Unemployment Rate

Unemployment Down to 7.7 Percent, Numbers Still Pretty Awful

Teenage unemployment rate, for example, at 25 percent, nowhere near recent lows

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Daquella manera / Foter.com

The U.S. unemployment rate is the lowest it's been since December 2008, at 7.7 percent (which, in turn, was the highest it had been to that point since July 1992).

The number may be a recent low, but it's not exactly good, and the crosstabs are worse:

Among the major worker groups, the unemployment rate for whites (6.8 percent)  declined in February while the rates for adult men (7.1 percent), adult women  (7.0 percent), teenagers (25.1 percent), blacks (13.8 percent), and Hispanics  (9.6 percent) showed little or no change. The jobless rate for Asians was 6.1 percent (not seasonally adjusted), little changed from a year earlier.

And it's not just the unemployment rate that's slow to recover from the recession, GDP growth is doing pretty poorly too. Despite this, the president is pushing an increase to the minimum wage, which will only hurt the most vulnerable potential members of the workforce, especially teens, as seen in the chart below:

teenage wasteland
Wall Street Journal

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  1. It’s a hockey stick!

    1. You know what that means. EMERGENCY! Time to create an Employment Credits scheme in which those who want to work must by credits to do so.

  2. One of the great episodes of WTF I’ve had these last few weeks is diehard leftists crowing to me that the Dow indicates recovery. These are people who hate corporations. Since when did the Left care more about corporate profits then it did about unemployment?

    1. When they read their 401K statements?
      If you suddenly can’t buy artisanl mayonnaise and tickts to an off-off Broadway put down of religion, then you might (secretly) cheer for profits.

    2. Same thing. It usually just takes a few questions to prove they don’t know what they’re talking about. This is even better in a group setting.

      Do you even know how many companies are in the DJIA? What companies? And how many companies are in the country? And so what percentage does this represent? And that’s meaningful? What about market cap, or sales? What percentage is that?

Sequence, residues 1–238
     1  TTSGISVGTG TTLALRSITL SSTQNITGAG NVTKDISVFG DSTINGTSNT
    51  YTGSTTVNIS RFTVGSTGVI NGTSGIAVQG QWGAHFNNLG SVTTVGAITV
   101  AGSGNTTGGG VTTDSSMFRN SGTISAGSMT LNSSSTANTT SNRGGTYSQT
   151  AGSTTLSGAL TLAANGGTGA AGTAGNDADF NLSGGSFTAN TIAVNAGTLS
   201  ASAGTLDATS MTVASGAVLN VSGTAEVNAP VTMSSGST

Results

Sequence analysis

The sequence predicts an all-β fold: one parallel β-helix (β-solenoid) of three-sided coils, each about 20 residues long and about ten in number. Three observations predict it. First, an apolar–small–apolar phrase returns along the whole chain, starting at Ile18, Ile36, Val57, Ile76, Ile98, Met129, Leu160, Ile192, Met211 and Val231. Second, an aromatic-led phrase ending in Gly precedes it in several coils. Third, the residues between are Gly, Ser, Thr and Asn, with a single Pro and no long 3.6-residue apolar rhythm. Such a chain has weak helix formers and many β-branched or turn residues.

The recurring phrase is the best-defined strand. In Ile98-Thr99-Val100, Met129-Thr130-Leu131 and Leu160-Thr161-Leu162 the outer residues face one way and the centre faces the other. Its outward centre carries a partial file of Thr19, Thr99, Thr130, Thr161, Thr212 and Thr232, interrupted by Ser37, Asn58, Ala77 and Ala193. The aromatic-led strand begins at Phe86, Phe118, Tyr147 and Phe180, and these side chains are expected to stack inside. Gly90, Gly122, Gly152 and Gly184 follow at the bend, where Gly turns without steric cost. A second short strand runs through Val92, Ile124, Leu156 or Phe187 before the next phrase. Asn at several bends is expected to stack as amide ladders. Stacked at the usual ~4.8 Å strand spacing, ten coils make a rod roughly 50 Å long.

The hopelessness on their faces, it’s priceless.

  3. The number may be a recent low, but it’s not exactly good, and the crosstabs are worse

    just a guess, but media coverage will be exclusively on the number and ignore the crosstabs.

  4. That chart sucks. It’s like someone went through a checklist of ways to make your graphic as misleading as possible.

    1. The minimum wage is populist snake oil doing more harm than good, no question.

      But I agree, the chart is misleading.

        1. 1. Double y-axis charts in general are a bad idea, unless there is some defintive relationship between the units on the two units. If the scales are being selected solely to show correlation, you start getting into a circular argument.
          2. Why is the time series start in 2002?
          3. Why are the dollar amounts in current dollars rather than constant dollars?
          4. Why does neither of the the y-axes show zero?
          5. Even ignoring all the above issues, it’s still ultimately just a correlation is causation argument.

        2. Correlation is not causation. Dollars to donuts you’d find a better r-value for teen unemployment regressed against the general unemployment level. Add that line to your chart.

        3. Unemployment for everyone rose during that same period, for reasons mostly unrelated to minimum wage.

        4. All this chart really demonstrates is that with proper scaling, you can force a correlation between any data series that was roughly stable from 2002 to 2007 and then went up from 2007 to 2010. Heck, the way this chart was put together, I’m betting you could make an equally convincing chart arguing that teen unemployment has been caused by people googling the phrase “big bang theory” too much.

        5. agree on chart. don’t use shitty pop science argumentation methods to prove trivially obvious things like law of supply and demand.

          1. I guess score one against the Journal

            1. heh, I didn’t even notice that this came from WSJ. I thought you made it up. I forgive you already.

  5. If they can’t make a living wage then they’d rather not work at all.

  6. the number of multiple job holders rose significantly, the number of single job holders fell. The labor participation rate declined again. But hey, good news everyone!

    BTW, the error in the NFP figure is +/- 90K.

    1. The LFP rate falling was actually a surprise, because the employment to population ratio went up just slightly. But I suppose that falls in line with more people working two or more jobs.

      Not that it really matters much, considering that we’ve been bouncing along the bottom on the employment-population ratio for the last three years.

  7. Yeah, that’s a terrible chart. Undermines the point that the minimum wage harms the young and poor.

  8. Check the brutal January revision.

      1. It’s in the report. Brutal may be an overstatement, but they were revised down to 119k from 157k.

    1. Its interesting to see the market react with a yawn.

      Either it was priced in, or the market isn’t thrilled because it may signal an end to QE.

      http://www.zerohedge.com/news/…..n-pomo-day

  9. the chart is misleading.

    Misleading, or meaningless?

    Most (if not all) of the time, the “official” minimum wage has no meaningful relation to entry level workers’ wages; I’m not sure we can learn anything from that particular chart.

  10. I should amend that claim to “in recent history”.

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